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Special Place for Special Guests:
Traveling to WDW with an Autistic Child
by Guest Columnist Kathryn Watson
This article appeared in the September 9, 2003 Issue #207 of ALL EARS® (ISSN: 1533-0753)
The Walt Disney World experience is unique and special for every guest, but for guests traveling with special needs, planning, preparation and luck are vital to a successful and wonderful holiday.
We are the Watson family from South Wales, United Kingdom: Kathryn, 34; Robert, 32; Becky, 5; Charlie, 4. Charlie was diagnosed as autistic spectrum disorder in December 2000. The nature of his problems -- for anyone who doesn't know about autism -- are communication, socialization and imagination. Fortunately for us, Charlie has wonderful imagination: He IS Pinocchio! He has no language, very poor communication skills and wears nappies (diapers to those of you in the US). He needs 24-hour care, sleeps only four hours a night, can display some emotional behavioral problems and (like the rest of us) is a Disneyholic!
We arranged our holiday through Virgin Holidays for a trip in late November, early December. This was a quiet time for us to travel, with fewer crowds, cooler weather and, of course, Christmas.
The staff at Virgin Holidays were very helpful, checking us in at the airport with ease and boarding us apart from the rest of the passengers. Charlie coped well with the nine-hour flight (although an upgrade would have been wonderful, it would have doubled the cost of our holiday). On arrival at the All-Star Movies Resort we asked if the check-in desk had received the request we had made for a room in either of the Toy Story buildings. They had not, but were able to arrange a room in the Buzz Lightyear building for us within 30 minutes.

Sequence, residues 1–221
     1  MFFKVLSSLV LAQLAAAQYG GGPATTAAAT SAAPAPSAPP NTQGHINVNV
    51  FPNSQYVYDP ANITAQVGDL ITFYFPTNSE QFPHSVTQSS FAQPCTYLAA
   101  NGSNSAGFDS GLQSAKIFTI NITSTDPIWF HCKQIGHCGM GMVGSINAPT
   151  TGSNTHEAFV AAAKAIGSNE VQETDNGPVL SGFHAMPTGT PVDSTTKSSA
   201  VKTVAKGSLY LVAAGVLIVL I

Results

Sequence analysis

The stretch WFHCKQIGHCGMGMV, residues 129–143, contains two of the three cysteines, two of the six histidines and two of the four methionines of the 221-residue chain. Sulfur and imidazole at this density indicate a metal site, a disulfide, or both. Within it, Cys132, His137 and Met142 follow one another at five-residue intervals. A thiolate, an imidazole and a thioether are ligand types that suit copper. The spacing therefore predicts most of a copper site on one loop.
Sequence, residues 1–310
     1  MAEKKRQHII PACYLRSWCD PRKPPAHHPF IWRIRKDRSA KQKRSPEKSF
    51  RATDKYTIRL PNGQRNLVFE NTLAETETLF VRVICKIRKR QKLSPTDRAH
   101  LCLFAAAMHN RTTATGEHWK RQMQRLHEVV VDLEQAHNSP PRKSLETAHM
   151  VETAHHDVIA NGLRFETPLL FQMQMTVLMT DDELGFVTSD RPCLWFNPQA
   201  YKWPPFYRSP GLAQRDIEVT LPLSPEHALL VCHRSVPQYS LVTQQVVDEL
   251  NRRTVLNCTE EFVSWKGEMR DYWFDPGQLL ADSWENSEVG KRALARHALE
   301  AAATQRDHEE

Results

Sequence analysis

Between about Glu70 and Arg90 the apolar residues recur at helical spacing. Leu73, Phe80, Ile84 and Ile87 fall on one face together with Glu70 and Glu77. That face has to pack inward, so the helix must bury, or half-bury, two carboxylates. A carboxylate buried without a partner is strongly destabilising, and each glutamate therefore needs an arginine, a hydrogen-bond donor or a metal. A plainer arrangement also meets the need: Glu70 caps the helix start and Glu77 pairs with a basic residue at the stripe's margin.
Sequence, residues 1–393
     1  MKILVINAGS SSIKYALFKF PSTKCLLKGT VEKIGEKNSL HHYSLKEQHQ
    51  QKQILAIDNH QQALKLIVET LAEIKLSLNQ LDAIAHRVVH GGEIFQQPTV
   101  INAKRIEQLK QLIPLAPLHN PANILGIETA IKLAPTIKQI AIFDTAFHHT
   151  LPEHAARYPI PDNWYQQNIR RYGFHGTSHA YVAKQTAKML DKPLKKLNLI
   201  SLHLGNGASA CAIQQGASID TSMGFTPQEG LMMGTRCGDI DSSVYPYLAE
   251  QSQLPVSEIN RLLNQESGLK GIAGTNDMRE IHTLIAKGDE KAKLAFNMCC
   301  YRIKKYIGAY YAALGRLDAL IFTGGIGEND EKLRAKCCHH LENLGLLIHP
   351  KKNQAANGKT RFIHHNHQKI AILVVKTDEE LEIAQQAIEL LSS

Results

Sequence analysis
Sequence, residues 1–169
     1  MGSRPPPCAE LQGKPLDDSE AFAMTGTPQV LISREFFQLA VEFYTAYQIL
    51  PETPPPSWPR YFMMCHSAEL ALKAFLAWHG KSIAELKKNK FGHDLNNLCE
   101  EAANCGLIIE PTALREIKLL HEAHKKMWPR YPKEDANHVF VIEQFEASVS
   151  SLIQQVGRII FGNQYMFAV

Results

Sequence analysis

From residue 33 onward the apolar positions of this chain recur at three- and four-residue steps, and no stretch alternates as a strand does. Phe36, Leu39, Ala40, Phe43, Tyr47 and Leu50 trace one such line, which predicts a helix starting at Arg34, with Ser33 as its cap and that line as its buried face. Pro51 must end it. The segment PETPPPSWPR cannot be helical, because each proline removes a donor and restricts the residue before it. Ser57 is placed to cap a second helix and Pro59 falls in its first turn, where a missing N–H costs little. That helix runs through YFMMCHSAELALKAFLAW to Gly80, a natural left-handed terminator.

During the wait we explored the lobby, pool area and restaurant. Usually it takes Charlie a few days to come to terms with his new surroundings, however, he settled here immediately.
Our room was great! As Europeans we are used to "economy" rooms when we take package holidays to the Mediterranean resorts each summer. The All-Star rooms are of a better standard than that of European rooms. Charlie adored the decoration of the room and bathroom, laughing and clearly delighted with his "home" for the next two weeks.
We had brought along a letter from our family doctor stating Charlie's disorder, which we presented to a Guest Relations Cast Member. In return we were given a "Special Guest Pass" that enabled Charlie plus four guests to access the next available ride vehicle wherever we were.
This is such a wonderful and important facility for children with special needs. I know there are critics of allowing people to "queue jump". I have thought about this long and hard, and I have a few opinions about it. Disney views children with disabilities as "Special Guests". If President Bush or Tom Cruise were to visit Disney World, would they be expected to wait in line? I sincerely doubt it. They would be ushered onto the ride swiftly and be viewed as "Special Guests," and I guess none of us would complain. Thankfully, Disney values our children as wonderful and special, as important as presidents and superstars. Life for children with a disability is tough. There are continual fights with the education and health system. There is an endless round of appointments with a number of professionals and endless waiting to be seen at each one. For Disney to acknowledge this and facilitate an easier way of life for only a short time is magical beyond belief.